Billups-Rothenberg – Another Biotech Patent Invalid for Lack of Written Description


05.17.11 Posted in Federal Circuit Opinions by

In Billups-Rothenberg, Inc. v.  Assoc’d Regional Univ. Pathologists, Inc., No. 2010-1401 (Fed. Cir. 4/29/2011), U.S. Patent Nos. 5,674,681 (the ’681 patent) and 6,355,425 (the ’425 patent) describe genetic tests for Type I hereditary hemochromatosis, an iron disorder characterized by excessive iron absorption by the body. The defective gene in hemochromatosis is the High Fe (“HFE”) gene. The claims at issue are directed to a mutation in the HFE gene, known as the C282Y mutation.

At the time the original patent applications were filed, the applicant claimed methods of detecting mutations responsible for hemochromatosis but had not yet identified any specific disease-causing mutations. Following this filing, other groups published relevant research on hemochromatosis. On 3/26/1999, Billups inventors filed a second application that matured to the ‘425 patent claiming a method of diagnosing an iron disorder by determining the presence of a specific mutation in the HFE gene.

In 2009, Billups sued ARUP for patent infringement. After a Markman hearing and claim construction, the court granted summary judgment of invalidity for lack of a written description to ARUP. The district court found that the DNA sequence of the hemochromatosis gene and/or sequence of the C282Y mutation were not expressly specified in the ’681 patent. Slip op. at 8. The court further stated that “[t]he invention claimed in the ’681 patent is a method to test for a DNA mutation, not a test for a defective protein.” Id. The district court also concluded that defandants’ enablement arguments were persuasive, but declined to rule on them in light of its ruling that the claims failed the written description requirement.  Id.  The district court also held that the ’425 patent was invalid as anticipated by US 6,025,130 (the ‘130 patent), which was § 102(e) prior art. Id. at 9. The ’130 patent disclosed the exact genetic sequences for the three mutations at issue in this case.

Billups appealed.  The Federal Circuit panel (Gajarsa, Linn, and Moore, opinion by Gajarsa) upheld the district court in all respects.

Gajarsa concludes that the ‘681 patent was only a research plan, and failed the written description test.  The ‘681 patent disclosed the mutation as a general location “within less than a 300 base pair region of a defined exon of a well studied multi-gene family,” but the specification disclosed neither the hemochromatosis gene sequence nor any specific mutations within that gene. Slip op. at 10-11. Billups conceded these were “adequately described the envisioned, but then unknown, mutations.”  Id. at 11. Gajarsa concludes that “Billups cannot satisfy the written description requirement merely through references to later-acquired knowledge. This case is like Regents [of the Univ. of Cal. v. Eli Lilly & Co.], and Fiers [v. Revel], in which the DNA sequences at issue were unknown in the art.”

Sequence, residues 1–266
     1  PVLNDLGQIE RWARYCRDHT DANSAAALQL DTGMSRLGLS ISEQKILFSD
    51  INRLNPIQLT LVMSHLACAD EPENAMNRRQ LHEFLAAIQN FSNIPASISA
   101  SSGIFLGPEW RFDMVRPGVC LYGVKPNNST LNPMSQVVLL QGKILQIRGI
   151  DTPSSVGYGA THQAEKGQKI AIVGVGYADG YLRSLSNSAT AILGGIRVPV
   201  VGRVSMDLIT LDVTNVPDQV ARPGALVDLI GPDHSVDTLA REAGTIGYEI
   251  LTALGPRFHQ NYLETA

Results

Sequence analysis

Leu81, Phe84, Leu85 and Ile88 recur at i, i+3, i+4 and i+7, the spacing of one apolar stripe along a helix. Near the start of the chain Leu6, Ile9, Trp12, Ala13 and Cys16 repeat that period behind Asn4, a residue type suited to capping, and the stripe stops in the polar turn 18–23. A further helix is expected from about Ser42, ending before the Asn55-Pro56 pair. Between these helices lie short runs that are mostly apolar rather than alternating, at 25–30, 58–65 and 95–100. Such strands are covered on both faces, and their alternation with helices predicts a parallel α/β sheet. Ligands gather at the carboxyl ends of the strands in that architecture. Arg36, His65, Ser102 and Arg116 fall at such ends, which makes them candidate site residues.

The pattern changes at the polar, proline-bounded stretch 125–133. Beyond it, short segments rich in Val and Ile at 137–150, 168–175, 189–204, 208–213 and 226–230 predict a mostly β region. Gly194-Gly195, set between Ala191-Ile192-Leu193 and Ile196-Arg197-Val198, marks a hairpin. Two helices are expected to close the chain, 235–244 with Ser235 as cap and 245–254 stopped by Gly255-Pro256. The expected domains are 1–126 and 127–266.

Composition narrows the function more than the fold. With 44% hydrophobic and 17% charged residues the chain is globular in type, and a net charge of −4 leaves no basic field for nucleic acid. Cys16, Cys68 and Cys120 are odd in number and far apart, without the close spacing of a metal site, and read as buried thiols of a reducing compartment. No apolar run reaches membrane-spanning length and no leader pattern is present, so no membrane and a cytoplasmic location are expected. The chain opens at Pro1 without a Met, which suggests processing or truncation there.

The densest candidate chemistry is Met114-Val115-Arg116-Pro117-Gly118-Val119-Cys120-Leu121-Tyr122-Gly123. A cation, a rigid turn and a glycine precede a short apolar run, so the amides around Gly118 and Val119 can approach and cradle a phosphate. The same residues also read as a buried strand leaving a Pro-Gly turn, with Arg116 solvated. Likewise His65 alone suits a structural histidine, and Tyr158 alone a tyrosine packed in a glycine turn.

Furthermore, the ’681 patent had unsupported genus claims to methods of identifying a genus of unknown genetic mutations.  Id. at 11. But under Ariad, a patent must set forth “either a representative number of species falling within the scope of the genus or structural features common to the members of the genus,” which the ‘681 patent did not do.  Id. at 12.  The later discovery of the the C282Y mutation within the claimed genus is not adaquate written description.  Id.

Additionally, the ‘681 patent failed the written description requirement because the claims have functional claim language without a correlation between structure and function.  Id. at 12. The general location disclosed in the ‘681 patent was too “imprecise to constitute structural features necessary to meet the written description requirement.” Id.

With regard to the holding that the ‘425 patent anticipated, Billups argued that the ‘130 patent taught away from the genetic sequences relevant to the ‘425 patent.  Gajarsa rejects this argument, holding that “whether a reference ‘teaches away’ from the invention is inapplicable to an anticipation analysis.”  Id. at 15, citing Celeritas Techs., Ltd. v. Rockwell Int’l Corp., 150 F.3d 1354, 1361 (Fed. Cir. 1998).  Thus, since the ’130 patent disclosed a diagnostic test for hemochromatosis that included identification of the S65C mutation, the ’425 patent’s claims are anticipated.  Furthermore, Billups failed to present evidence of nonenablement of the ‘130 patent. Accordingly, the ‘130 patent is an anticipatory reference. Id. at 16.

 



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